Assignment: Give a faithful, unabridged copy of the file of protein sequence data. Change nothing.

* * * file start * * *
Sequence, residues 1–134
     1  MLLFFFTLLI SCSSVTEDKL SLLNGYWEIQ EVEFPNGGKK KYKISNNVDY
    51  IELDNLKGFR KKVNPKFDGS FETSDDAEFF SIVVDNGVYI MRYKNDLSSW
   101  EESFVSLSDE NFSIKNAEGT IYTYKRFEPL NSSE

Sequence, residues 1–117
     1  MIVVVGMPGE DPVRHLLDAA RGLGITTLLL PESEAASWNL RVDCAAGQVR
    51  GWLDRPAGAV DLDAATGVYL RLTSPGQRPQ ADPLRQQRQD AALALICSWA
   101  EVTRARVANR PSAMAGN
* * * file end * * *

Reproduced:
Sequence, residues 1–134
     1  MLLFFFTLLI SCSSVTEDKL SLLNGYWEIQ EVEFPNGGKK KYKISNNVDY
    51  IELDNLKGFR KKVNPKFDGS FETSDDAEFF SIVVDNGVYI MRYKNDLSSW
   101  EESFVSLSDE NFSIKNAEGT IYTYKRFEPL NSSE

Sequence, residues 1–117
     1  MIVVVGMPGE DPVRHLLDAA RGLGITTLLL PESEAASWNL RVDCAAGQVR
    51  GWLDRPAGAV DLDAATGVYL RLTSPGQRPQ ADPLRQQRQD AALALICSWA
   101  EVTRARVANR PSAMAGN